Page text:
THERESA May launched an attack on Jeremy Corbyn’s credibility as the Labour leader struggled with the cost of a key manifesto commitment.

She sought to get back on the front foot after the U-turn on social care and the Manchester bombing pushed her campaign off course, and claimed Corbyn was “simply not ready to govern and not prepared to lead”.

The Labour leader, meanwhile, apologised after a difficult broadcast interview saw him repeatedly fail to provide the cost of Labour’s childcare policy.

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In the interview with BBC Radio 4’s Woman’s Hour, he paused several times when repeatedly asked to give a cost for the pledge to roll out free care to all two to four-year-olds, before asking: “Can we come back to that in a moment?”

The Prime Minister had Corbyn in her sights as she launched a personal attack on his record and ability during a speech in Wolverhampton.

She said the Labour leader was not prepared for the crunch talks with Brussels that will start within days of the General Election and would find himself “alone and naked” in the Brexit negotiations.

Looking back at Corbyn’s performance when questioned by Jeremy Paxman and a studio audience in Monday night’s televised showdown, May said: “He is not prepared to use the nuclear deterrent. He is not prepared to take action against terrorists. He is not prepared to give the police the powers they need to keep us safe.

“He is not prepared to take a single difficult decision for the good of our economy. He is not prepared to answer questions about his long track record of supporting people who want to harm and even attack our country.

“And with Brexit negotiations due to begin only 11 days after polling day, he is not prepared for those negotiations.”

Setting out the challenge facing whoever is in No 10, she said: “The Europeans are ready to go and are determined to fight for a deal that works for them.

“This is not time for a weak government and a weak leader to be making it up as they go along, particularly not when that leader has shown poor judgment and weak leadership throughout the process so far.”

Corbyn was trying to focus on policy issues with a commitment to the extension of free childcare, but his performance was firmly in the spotlight after the Woman’s Hour interview.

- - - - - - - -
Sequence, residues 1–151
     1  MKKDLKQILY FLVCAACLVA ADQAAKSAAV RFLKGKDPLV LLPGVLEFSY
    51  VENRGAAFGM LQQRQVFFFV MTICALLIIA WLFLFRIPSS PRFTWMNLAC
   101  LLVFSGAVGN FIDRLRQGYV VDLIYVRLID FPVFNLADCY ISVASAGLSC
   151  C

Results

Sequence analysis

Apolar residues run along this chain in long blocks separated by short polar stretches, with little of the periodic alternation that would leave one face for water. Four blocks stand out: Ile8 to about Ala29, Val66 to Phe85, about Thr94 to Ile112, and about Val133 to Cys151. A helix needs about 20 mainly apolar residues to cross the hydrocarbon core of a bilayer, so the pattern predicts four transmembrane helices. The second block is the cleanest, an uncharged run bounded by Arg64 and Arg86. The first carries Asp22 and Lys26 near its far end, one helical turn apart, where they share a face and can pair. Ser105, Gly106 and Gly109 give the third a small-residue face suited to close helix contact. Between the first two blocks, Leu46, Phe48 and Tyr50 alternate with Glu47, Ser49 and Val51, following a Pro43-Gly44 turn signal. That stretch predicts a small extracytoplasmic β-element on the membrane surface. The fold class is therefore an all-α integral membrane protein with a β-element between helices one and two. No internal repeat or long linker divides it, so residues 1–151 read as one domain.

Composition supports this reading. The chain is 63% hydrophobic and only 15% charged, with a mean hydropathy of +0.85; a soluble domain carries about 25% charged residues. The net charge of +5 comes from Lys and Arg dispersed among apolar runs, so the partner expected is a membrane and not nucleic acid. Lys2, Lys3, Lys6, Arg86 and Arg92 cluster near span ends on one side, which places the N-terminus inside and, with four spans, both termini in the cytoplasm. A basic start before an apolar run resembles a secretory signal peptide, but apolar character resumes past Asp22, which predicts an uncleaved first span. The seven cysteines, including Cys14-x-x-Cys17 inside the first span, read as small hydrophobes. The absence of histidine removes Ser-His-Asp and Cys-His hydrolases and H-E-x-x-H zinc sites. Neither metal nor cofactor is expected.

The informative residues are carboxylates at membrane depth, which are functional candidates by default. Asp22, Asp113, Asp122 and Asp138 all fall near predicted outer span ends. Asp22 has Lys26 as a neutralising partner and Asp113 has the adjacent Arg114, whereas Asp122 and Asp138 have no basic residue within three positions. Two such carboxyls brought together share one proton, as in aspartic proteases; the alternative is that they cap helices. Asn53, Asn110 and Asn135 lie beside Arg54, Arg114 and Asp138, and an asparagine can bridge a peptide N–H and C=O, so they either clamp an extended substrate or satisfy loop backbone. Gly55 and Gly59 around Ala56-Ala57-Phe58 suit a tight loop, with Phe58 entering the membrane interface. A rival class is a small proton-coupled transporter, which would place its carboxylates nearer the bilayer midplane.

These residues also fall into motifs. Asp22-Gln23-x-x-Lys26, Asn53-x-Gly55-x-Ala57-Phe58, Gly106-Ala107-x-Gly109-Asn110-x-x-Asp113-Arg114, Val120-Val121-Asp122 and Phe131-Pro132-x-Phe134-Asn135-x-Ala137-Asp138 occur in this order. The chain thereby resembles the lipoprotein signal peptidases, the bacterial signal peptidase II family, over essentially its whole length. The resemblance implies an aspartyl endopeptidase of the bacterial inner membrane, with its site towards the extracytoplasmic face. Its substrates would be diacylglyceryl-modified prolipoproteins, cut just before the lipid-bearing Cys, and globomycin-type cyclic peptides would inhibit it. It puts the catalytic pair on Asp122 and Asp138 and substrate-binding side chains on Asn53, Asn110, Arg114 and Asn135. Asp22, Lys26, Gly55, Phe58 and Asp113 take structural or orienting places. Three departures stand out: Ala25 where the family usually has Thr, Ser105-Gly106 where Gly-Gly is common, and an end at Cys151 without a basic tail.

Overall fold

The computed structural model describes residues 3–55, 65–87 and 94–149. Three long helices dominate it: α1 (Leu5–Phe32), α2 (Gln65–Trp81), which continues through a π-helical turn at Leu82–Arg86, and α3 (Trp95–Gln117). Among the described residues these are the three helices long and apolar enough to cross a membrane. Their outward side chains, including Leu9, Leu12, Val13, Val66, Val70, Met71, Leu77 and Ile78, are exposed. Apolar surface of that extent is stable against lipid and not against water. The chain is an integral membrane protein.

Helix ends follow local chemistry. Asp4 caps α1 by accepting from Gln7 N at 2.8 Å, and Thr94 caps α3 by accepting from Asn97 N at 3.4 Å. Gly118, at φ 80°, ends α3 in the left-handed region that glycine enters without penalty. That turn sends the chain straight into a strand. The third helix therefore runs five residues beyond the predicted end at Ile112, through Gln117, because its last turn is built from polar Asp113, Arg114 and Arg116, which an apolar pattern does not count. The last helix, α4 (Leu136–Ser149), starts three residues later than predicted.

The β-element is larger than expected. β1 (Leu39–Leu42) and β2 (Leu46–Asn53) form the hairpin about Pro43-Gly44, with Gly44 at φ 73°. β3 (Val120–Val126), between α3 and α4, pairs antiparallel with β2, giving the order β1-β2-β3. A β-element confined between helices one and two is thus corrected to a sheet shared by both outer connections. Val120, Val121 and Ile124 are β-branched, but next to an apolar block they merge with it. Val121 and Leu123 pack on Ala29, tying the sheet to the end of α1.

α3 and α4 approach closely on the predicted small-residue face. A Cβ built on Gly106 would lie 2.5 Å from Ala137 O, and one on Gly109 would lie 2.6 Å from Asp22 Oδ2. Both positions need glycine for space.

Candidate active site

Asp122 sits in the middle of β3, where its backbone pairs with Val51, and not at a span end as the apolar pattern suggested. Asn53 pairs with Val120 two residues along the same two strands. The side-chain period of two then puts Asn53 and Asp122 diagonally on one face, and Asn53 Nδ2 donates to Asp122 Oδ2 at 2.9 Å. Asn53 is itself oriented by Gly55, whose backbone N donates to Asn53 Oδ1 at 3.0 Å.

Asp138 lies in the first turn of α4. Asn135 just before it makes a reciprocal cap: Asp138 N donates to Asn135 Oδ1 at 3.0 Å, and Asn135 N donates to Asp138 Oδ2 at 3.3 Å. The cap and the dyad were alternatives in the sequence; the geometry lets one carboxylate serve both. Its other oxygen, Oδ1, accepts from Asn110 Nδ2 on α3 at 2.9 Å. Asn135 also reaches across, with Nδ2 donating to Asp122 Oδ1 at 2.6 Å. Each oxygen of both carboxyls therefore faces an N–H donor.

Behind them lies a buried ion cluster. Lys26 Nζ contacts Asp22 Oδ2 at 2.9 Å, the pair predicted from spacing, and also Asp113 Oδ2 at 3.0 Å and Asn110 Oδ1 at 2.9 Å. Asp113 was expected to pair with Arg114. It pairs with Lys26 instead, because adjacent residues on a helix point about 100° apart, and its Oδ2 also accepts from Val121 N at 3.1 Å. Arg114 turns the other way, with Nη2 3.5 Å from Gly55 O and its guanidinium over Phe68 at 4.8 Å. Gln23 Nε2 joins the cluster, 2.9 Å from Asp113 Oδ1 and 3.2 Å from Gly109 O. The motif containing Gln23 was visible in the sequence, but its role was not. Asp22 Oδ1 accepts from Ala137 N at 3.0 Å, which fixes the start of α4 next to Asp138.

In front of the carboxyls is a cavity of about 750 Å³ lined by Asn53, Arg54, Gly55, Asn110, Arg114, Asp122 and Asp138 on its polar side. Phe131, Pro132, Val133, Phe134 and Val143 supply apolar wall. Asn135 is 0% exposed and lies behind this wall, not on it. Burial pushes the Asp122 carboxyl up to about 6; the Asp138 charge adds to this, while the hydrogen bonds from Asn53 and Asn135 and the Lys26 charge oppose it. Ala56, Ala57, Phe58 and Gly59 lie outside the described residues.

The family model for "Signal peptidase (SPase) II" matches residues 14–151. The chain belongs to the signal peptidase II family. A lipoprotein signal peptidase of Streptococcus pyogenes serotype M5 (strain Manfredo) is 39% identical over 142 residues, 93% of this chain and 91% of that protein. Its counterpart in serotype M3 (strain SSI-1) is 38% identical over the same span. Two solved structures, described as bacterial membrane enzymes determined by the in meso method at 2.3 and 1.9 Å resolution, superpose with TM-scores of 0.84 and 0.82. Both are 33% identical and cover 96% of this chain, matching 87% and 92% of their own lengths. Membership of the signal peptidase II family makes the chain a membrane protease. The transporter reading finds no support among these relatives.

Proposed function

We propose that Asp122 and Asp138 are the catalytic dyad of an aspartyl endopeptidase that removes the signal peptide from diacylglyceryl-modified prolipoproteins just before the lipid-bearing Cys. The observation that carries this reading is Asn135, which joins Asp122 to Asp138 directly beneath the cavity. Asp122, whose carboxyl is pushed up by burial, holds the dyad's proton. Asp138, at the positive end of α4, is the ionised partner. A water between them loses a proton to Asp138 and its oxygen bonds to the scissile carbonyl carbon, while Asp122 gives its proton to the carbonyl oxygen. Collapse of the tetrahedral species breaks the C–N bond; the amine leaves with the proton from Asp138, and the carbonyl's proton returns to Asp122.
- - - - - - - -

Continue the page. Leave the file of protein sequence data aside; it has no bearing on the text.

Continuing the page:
Despite having a copy of the manifesto and apparently logging on to his iPad for help as he was pressed to give the cost for the policy, it was left to presenter Emma Barnett to provide Labour’s estimate of the £4.8 billion annually by 2022.

Answering questions on the interview at a campaign event in Watford, Corbyn said: “I didn’t have the exact figure in front of me, so I was unable to answer that question, for which obviously I apologise.

“But I don’t apologise for what’s in the manifesto and I will explain exactly what the cost is.

“It’s £4.8bn it will cost by the end of the Parliament and it means that one million children will get childcare, free childcare 30 hours per week between the years of two and four.”

Corbyn dismissed suggestions made by some of his supporters online that he had been treated unfairly in the radio interview.

“There isn’t such a thing as being unfair to politicians – if you put yourself up for elected office in public life you are subject to permanent scrutiny,” he said.

“I never get upset by these things, never be so high and mighty that you can’t listen to everybody else and make sure that you understand the motives of the majority of our people and the kind of society that we want to live in.”

Corbyn defended journalists after Barnett said she was subjected to abuse online, some of which appeared to be anti-Semitic, with several Twitter users calling her a “Zionist”.

The Labour leader said: “It is totally and absolutely completely unacceptable for anyone to throw abuse at anyone else.”